Home > The Rule Book (The Rule Breakers #1)

The Rule Book (The Rule Breakers #1)
Jennifer Blackwood

Chapter One

Starr Media Handbook Rule #37

The following words are strictly prohibited when posting on social media:










I stopped reading halfway down the list as my “I made it to my second day in my first big girl job” latte turned uneasily in my stomach. Why anyone would create a post using those words in the first place, well, it was beyond me. Definitely got the gist, though, and my client, Craig Willington, the supposed next George Straight (in about five years, give or take), would not be using moist to refer to his grandmother’s cornbread, or anything else for that matter. A shudder rippled under my skin just from seeing the words moist and genitals next to each other on the page.

I slumped back in my ergonomic swivel chair that had most likely cost more than one-month’s rent in the city, and rocked back and forth, fanning the two-inch-thick Starr Media Employee Manual with my thumb. I’d only held a few jobs in college, mostly at minimum wage retail establishments to pay for my one-click and shoe addiction, but never had I encountered such a detailed list of rules. Brogan Starr ran this company on a tighter leash than the Pentagon during a national security threat.

“Newbie. What’s your status on the manual?” Jackson, the first assistant to Mr. Starr and overall grinch of a person, rounded the corner of my desk and leaned a manicured hand on the stack of paperwork towering over my sad-looking outbox bin.

“Almost done, only” —I glanced down at the manual—“forty more pages.” It had taken me all of yesterday afternoon and this morning to get this far. At this rate, I’d be done by the end of the work day. I was itching to get past all the logistical first-week training so that I could start what I was hired to do—work with social media accounts.

Okay, so that would be more of a side job while I fetched coffee orders, made copies, and did everything else that came along with the job of Second Assistant, but there was an upside to my newly attained post-grad-school title. With an MBA and a focus on social media relations, I’d been given the opportunity to prove myself with a one-client caseload and eventually work my way up to marketing director. In a few years. If the stars aligned, and Venus was in retrograde.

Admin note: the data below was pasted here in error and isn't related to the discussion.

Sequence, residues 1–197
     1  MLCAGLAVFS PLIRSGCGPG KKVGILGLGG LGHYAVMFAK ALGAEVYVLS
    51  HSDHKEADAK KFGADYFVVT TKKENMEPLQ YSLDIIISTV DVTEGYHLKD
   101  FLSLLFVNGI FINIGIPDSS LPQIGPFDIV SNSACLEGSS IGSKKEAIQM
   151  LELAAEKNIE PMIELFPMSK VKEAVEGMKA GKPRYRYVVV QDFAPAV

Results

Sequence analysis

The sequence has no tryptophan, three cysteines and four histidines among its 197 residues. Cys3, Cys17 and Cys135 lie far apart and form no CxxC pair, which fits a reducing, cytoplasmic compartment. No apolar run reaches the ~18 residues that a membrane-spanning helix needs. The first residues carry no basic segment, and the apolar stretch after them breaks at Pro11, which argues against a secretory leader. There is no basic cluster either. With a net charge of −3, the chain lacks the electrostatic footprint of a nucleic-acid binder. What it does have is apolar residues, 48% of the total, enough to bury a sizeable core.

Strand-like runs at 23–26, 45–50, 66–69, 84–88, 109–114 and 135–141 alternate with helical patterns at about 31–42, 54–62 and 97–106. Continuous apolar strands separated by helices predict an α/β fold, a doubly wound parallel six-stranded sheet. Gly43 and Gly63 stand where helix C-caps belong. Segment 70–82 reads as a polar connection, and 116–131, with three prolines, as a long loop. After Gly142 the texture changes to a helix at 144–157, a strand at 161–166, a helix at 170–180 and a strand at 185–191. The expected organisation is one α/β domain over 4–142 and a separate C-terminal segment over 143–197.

“Let’s take a quick tour. Before I go to lunch.” His voice held all the enthusiasm of someone waiting in line at the DMV.

“Great. I can’t wait to meet everyone. I thought maybe we could do lunch at Luigi’s…” I trailed off as I took in Jackson’s expression.

His eyebrows morphed into two cartoon-like squiggles that clearly said, oh honey, not happening. “First off, we will not ‘do lunch’ together. Ever. Second”—he tapped my Starr Media Employee Manual—“you must not have gotten to rule 738.”

Someone check the thermostat, because it just got chilly in here. I decided the safe thing to do was to ignore his jab and instead asked, “You know all the rules by heart?”

“Just that one in particular. The Antichrist really outdid himself with that one.” Jackson sneered. In the past day and a half, he’d referred to our boss as “the Antichrist” more often than his actual surname. Said something about how it was the office nickname.

Things I’d learned about Brogan Starr based off of my two-minute Wiki research (aka stalking) a few days before I started:

1. He was the youngest CEO to start a Fortune 500 company

2. He grew up in Bellevue, Washington

3. He finished top of his class at MIT at the age of 20

4. He had a very nice chin—pretty much the only feature visible in his profile picture with him wearing a Seahawks hat and Ray Bans.

I had yet to meet the Mr. Starr, who had been holed up in his office all of yesterday and today, so I’d form my own opinions on the aptness of the Antichrist moniker whenever he decided to make an appearance in broad daylight.

Confused at Jackson’s mention of the rule, I flipped through the employee manual until I reached the number he’d rattled off.

Rule #738

Employees must not, under any circumstances, store fish or any food items with garlic in the company refrigerator. Employees will refrain from consuming garlic items during work hours.

I set the manual down and stared blankly at Jackson. Then back at the manual. Then back at Jackson, words unable to form in my state of duress.

Dear God. This man was a monster. Shudder-worthy words were one thing, but garlic? Images of delicious breadsticks and savory pasta danced in my mind, taunting me. Guess that meant no afternoon jaunts to Luigi’s. Their garlic pizza was the best in the city, but definitely not worth losing my job over.

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